How traditional form and modern technology exist together in Delhi’s ISKCON temple

Shiny Varghese
Reaching for heaven: Delhi’s Radha-Parthasarathi Temple, popularly known as the ISKCON Temple.

There is never an easy way to reach god, and New Delhi’s ISKCON temple doesn’t take you there directly. You walk through the Krishna Jayanti Park, lined with flowering rain trees, up towards the temple complex, and even then you don’t see the entrance till you go around it.

It took 880 tonnes of steel, 5,500 tonnes of cement, 25,000 sq ft of marble, 75,000 sq ft of stone to build the Radha-Parthasarathi Temple, popularly known as the ISKCON (The International Society for Krishna Consciousness) Temple. Sitting on a hill, its red-and-white latticed towers rise high. It sits in the middle of two equally important religious sites, the Lotus Temple, with its modernist twist to the Baha’i faith and the Akshardham temple, which recalls the traditional designs of Gujarat.

When architect Achyut P Kanvinde accepted the commission to design the temple complex in 1993, he was conscious that traditional form and modern technology would exist side-by-side. Kanvinde believed that a temple is not just a sacred space but also where people congregate as a community, and, therefore, the design had to synthesise those needs. This was the time when he was withdrawing from his regular practice at Kanvinde, Rai and Chowdhury. For the temple project, therefore, he set up an independent unit. Sanjay, his architect son, recalls the days he would see Kanvinde reading the voluminous Bhagvad Gita, interpreted by Swami Prabhupada, which was gifted by Gopala Krsna Goswami, of ISKCON, who was at the helm of the project.

The basic requirements included the temple with space for its deities, parikrama and sabha mandaps, with a prasadam hall. There would also be an auditorium, a library, dormitories and a guest house, restaurants and shops. Spread across nearly 2.9 acres, the undulating rocky site was landscaped by architect Ravindra Bhan and his team, with water features and gardens. Stone pergolas and gateways provide the pause spaces on site. Kanvinde, who loved to sketch and doodle, did extensive freehand drawings in his study of the temple shikharas. The project had become an internal journey for him. He didn’t believe that philosophical rootedness should take on superficial forms in a building. He once said: “When we don’t believe in it ourselves, it’s like taking one’s great grandfather’s clothes in the name of culture.”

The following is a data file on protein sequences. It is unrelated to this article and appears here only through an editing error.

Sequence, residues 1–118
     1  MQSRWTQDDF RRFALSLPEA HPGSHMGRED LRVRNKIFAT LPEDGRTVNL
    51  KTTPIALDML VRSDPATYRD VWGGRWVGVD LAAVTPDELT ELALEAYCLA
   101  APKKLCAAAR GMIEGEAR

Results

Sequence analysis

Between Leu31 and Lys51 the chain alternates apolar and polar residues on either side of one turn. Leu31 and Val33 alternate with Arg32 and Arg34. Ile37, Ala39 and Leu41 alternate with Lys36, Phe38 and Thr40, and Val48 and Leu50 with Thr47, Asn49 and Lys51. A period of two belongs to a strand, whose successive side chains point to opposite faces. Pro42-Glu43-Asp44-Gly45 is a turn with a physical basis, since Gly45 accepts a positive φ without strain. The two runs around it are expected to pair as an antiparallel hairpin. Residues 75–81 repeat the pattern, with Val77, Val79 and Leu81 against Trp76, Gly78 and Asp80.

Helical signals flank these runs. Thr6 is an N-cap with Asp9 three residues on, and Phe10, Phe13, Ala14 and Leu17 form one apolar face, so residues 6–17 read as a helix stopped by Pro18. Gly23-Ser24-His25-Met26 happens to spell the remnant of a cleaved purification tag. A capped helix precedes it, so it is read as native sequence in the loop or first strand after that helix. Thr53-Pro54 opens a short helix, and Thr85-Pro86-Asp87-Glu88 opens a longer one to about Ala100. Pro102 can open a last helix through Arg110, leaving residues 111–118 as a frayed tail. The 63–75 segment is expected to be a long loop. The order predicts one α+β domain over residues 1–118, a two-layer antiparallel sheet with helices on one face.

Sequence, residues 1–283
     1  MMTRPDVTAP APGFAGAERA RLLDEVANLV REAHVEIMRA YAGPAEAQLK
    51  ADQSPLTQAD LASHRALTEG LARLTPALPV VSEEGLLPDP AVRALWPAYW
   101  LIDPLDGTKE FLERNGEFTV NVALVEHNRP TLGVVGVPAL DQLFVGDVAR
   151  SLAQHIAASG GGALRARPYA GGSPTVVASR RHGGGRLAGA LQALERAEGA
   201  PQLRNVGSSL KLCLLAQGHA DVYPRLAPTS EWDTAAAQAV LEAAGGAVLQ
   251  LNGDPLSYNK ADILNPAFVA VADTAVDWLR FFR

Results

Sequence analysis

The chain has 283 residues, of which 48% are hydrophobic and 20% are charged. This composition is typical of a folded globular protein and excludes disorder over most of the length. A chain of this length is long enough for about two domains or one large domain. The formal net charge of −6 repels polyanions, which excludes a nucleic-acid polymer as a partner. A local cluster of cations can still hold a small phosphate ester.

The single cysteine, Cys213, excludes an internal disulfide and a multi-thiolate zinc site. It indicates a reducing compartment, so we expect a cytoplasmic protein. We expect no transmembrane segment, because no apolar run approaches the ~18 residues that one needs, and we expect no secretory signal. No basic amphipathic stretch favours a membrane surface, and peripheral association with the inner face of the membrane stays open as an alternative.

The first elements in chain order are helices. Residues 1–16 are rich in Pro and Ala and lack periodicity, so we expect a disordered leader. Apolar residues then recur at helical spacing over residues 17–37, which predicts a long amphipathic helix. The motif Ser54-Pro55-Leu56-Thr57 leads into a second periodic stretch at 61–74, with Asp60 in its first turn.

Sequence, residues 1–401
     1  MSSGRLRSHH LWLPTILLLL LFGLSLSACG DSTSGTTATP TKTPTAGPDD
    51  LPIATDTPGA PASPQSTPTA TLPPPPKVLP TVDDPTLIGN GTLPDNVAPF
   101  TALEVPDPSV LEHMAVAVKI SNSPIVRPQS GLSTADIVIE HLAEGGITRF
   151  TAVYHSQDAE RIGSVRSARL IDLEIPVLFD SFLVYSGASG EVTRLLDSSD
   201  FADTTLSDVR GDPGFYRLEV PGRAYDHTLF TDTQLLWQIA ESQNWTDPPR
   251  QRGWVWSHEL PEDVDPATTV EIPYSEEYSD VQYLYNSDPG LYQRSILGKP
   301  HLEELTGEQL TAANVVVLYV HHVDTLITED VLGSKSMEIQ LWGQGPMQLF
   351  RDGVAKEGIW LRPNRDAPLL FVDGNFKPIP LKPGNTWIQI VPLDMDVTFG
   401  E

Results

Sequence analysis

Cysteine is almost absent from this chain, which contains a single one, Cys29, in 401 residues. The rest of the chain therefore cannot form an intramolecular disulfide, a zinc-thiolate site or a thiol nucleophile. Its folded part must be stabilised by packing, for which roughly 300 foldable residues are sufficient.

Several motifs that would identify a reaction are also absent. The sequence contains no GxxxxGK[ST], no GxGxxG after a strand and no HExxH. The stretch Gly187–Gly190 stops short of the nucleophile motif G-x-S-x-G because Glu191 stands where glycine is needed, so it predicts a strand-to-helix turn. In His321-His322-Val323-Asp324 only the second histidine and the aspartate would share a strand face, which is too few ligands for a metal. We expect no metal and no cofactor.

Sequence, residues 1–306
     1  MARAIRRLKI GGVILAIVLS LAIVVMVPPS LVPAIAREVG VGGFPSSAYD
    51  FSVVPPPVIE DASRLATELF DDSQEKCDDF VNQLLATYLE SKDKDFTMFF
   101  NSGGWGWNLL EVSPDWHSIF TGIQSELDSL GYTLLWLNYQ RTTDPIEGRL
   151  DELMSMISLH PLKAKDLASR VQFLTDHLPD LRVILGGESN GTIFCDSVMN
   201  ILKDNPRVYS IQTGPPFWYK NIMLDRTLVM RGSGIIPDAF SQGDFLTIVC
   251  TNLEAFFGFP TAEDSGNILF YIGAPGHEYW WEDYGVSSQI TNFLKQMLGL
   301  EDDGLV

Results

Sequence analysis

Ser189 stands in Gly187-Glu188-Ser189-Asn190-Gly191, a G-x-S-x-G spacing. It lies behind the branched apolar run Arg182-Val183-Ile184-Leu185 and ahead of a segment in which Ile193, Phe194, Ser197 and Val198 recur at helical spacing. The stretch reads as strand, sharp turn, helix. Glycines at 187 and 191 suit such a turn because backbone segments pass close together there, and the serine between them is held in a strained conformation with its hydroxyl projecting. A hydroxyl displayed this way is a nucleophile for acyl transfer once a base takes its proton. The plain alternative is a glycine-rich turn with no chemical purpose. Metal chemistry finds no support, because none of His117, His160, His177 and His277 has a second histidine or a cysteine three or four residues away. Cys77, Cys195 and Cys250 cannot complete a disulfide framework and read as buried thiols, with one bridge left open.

Architect Ashok Lall in his book on Kanvinde (Achyut Kanvinde Akar; Niyogi Books, 2017) writes: “The decorative motifs and openings formed into the face of the shikhara were to be ‘Hinduistic’ but need not adhere to the rules of any traditional style. The openings that split the faces of the shikhara at the corners, and the large chaitya (stupa)-like openings, deliberately declare the hollow behind the shikhara face….and the surface rendering of carved red sandstone and white marble insets recalls the frame and infill of brutalism.” How then do the abstractions of modernism sit with the literal transformations of history? One finds the answer in Kanvinde’s reply to how he sees himself: “I see myself learning, searching. It is a work of art.”

This article appeared in the print edition with the headline 'Where the Bells Ring'